Papers and Talks
Andrew K. Wright and Matthias Felleisen. A Syntactic Approach to Type Soundness. In Information & Computation, 115(1):38−94, 1994. [ Gzipped PostScript ]
This paper describes the semantics and the type system of Core ML, and uses a simple syntactic technique to prove that well-typed programs cannot go wrong.
François Pottier and Didier Rémy. The Essence of ML Type Inference. In Benjamin C. Pierce, editor, Advanced Topics in Types and Programming Languages, MIT Press, 2005.
This book chapter gives an in-depth description of the Core ML type system, with an emphasis on type inference. The type inference algorithm is described as the composition of a constraint generator, which produces a system of type equations, and a constraint solver, which is presented as a set of rewrite rules. [ Gzipped PostScript ]
This paper explains why it is sound to generalize certain type variables at a
letbinding, even when the expression that is being
let-bound is not a value. This relaxed version of Wright's classic “value restriction” was introduced in OCaml 3.07.
This paper presents a variant of the Standard ML module system that introduces a strict distinction between abstract and manifest types. The latter are types whose definitions explicitly appear as part of a module interface. This proposal is meant to retain most of the expressive power of the Standard ML module system, while providing much better support for separate compilation. This work sets the formal bases for OCaml's module system.
This work extends the above paper by introducing so-called applicative functors, that is, functors that produce compatible abstract types when applied to provably equal arguments. Applicative functors are also a feature of OCaml.
This accessible paper describes a simplified implementation of the OCaml module system, emphasizing the fact that the module system is largely independent of the underlying core language. This is a good tutorial to learn both how modules can be used and how they are typechecked.
This note describes the experimental recursive modules introduced in OCaml 3.07.
This paper provides theoretical foundations for OCaml's object-oriented layer, including dynamic and static semantics.
This paper proposes a device for re-introducing first-class polymorphic values into ML while preserving its type inference mechanism. This technology underlies OCaml's polymorphic methods.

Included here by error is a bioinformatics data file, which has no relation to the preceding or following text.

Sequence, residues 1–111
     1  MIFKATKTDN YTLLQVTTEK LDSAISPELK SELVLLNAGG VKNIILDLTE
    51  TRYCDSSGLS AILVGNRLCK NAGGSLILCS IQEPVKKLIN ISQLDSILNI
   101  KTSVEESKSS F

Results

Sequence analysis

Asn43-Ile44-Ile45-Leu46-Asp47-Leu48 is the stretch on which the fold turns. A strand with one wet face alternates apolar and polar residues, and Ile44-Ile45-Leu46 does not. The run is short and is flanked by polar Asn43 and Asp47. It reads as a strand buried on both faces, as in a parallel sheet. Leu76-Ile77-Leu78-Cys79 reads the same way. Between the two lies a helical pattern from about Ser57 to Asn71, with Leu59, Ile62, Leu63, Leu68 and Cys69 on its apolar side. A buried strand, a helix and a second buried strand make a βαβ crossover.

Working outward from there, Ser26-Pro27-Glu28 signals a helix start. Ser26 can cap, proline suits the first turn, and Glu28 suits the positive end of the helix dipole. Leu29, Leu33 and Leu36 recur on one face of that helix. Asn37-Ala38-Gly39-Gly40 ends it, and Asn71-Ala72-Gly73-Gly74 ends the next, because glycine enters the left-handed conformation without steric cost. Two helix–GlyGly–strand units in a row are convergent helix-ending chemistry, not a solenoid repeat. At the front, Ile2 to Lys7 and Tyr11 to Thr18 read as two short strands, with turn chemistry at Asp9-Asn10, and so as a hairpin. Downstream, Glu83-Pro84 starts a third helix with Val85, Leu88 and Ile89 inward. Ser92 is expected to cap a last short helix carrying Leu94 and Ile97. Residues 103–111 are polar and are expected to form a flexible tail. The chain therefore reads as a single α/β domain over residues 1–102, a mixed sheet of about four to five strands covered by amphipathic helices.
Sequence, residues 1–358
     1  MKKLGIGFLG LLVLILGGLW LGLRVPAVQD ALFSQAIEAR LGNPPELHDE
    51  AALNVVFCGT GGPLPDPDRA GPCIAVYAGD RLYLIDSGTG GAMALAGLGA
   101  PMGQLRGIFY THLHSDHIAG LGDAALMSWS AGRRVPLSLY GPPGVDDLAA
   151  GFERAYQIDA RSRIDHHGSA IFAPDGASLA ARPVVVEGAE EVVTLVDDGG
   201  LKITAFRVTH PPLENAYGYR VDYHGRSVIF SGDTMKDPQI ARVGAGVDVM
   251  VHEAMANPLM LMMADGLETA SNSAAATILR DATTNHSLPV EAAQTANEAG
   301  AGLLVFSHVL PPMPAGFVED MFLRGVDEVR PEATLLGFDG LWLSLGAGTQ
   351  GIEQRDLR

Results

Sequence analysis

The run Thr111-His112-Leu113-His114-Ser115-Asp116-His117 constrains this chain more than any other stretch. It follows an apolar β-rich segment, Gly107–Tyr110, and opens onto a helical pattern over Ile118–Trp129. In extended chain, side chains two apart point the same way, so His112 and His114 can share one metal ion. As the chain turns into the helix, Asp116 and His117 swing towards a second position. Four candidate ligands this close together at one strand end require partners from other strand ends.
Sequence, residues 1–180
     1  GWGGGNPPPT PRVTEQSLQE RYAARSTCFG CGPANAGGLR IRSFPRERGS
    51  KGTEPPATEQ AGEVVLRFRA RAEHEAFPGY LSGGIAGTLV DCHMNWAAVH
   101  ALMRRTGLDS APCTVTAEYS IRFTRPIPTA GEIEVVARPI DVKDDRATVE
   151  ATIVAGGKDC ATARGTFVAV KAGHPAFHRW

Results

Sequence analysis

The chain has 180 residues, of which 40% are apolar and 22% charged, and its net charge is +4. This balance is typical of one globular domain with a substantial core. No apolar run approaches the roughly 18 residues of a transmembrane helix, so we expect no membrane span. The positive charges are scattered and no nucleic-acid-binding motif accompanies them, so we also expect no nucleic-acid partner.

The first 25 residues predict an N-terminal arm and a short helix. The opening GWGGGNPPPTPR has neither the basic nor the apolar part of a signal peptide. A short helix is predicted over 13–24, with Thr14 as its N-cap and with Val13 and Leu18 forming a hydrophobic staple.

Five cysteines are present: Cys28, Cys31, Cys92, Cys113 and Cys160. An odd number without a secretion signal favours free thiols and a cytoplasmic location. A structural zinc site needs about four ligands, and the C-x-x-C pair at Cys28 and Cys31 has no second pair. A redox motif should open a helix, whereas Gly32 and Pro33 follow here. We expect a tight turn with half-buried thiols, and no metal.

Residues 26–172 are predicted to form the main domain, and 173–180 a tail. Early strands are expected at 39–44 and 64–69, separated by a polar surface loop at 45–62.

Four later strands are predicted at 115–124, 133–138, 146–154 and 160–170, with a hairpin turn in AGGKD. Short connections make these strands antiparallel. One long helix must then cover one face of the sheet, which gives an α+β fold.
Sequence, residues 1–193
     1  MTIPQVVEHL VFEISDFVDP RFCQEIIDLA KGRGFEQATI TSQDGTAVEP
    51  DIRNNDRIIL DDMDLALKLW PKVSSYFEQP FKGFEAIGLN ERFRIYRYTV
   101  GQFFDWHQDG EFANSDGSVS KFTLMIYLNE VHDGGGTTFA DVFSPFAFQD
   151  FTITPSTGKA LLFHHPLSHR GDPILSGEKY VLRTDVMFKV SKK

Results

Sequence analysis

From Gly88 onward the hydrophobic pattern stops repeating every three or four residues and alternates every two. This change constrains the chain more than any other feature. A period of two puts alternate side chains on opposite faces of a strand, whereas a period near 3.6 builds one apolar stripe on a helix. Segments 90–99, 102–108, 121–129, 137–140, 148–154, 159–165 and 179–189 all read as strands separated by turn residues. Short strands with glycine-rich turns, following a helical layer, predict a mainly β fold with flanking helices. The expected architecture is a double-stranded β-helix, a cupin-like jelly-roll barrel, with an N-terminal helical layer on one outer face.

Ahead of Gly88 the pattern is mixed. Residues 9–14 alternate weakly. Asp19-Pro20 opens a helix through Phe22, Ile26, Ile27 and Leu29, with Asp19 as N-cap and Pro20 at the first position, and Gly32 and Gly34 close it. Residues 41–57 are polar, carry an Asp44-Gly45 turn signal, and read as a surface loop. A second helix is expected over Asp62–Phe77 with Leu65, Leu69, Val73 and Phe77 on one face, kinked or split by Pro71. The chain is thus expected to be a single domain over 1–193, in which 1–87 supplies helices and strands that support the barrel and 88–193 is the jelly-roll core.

This paper briefly explains what polymorphic variants are about and how they are compiled.
Jacques Garrigue. Code reuse through polymorphic variants. In Workshop on Foundations of Software Engineering, 2000. [ Gzipped PostScript ]
This short paper explains how to design a modular, extensible interpreter using polymorphic variants.
This paper explains most of the typechecking machinery behind polymorphic variants. At its heart is an extension of Core ML's type discipline with so-called local constraints.
This paper provides more details about the technical machinery behind polymorphic variants, focusing on the rules for typechecking deep pattern matching constructs.
Labeled and Optional Parameters
This paper offers a dynamic semantics, a static semantics, and a compilation scheme for OCaml's labeled and optional function parameters.
- Jake Donham. Meta-programming tutorial with CamlP4. Commercial Users of Functional Programming, 2010.
Compilers and Runtime System
Bytecode Compiler and Bytecode Interpreter
This report contains a description of the ZINC compiler, which later evolved into Caml Light, then into OCaml. Large parts of this report are out of date, but it is still valuable as a description of the abstract machine used in Caml Light and (with some further simplifications and speed improvements) in OCaml.
This paper surveys and compares several data representation strategies, including the one used in the OCaml native-code compiler.
Superseded by the next paper.
This paper describes a concurrent version of the garbage collector found in Caml Light and OCaml's runtime system.
All you ever wanted to know about the garbage collector found in Caml Light and OCaml's runtime system.
Pascal Cuoq, Julien Signoles, Patrick Baudin, Richard Bonichon, Géraud Canet, Loïc Correnson, Benjamin Monate, Virgile Prevosto, Armand Puccetti. Experience report: OCaml for an industrial-strength static analysis framework. Proceedings of the 14th ACM SIGPLAN International Conference on Functional Programming, 2009.
Yaron Minsky, Stephen Weeks. Caml trading – experiences with functional programming on Wall Street. Journal of Functional Programming.
Xavier Leroy. Industrial uses of Caml: examples and lessons learned from the smart card industry. Proceedings of the 4th ACM SIGPLAN Workshop on Commercial Users of Functional Programming, 2007.
Tom Wilkie. Acunu & OCaml: Experience Report.
Xavier Leroy. Some uses of Caml in industry. Commercial Users of Functional Programming, 2007.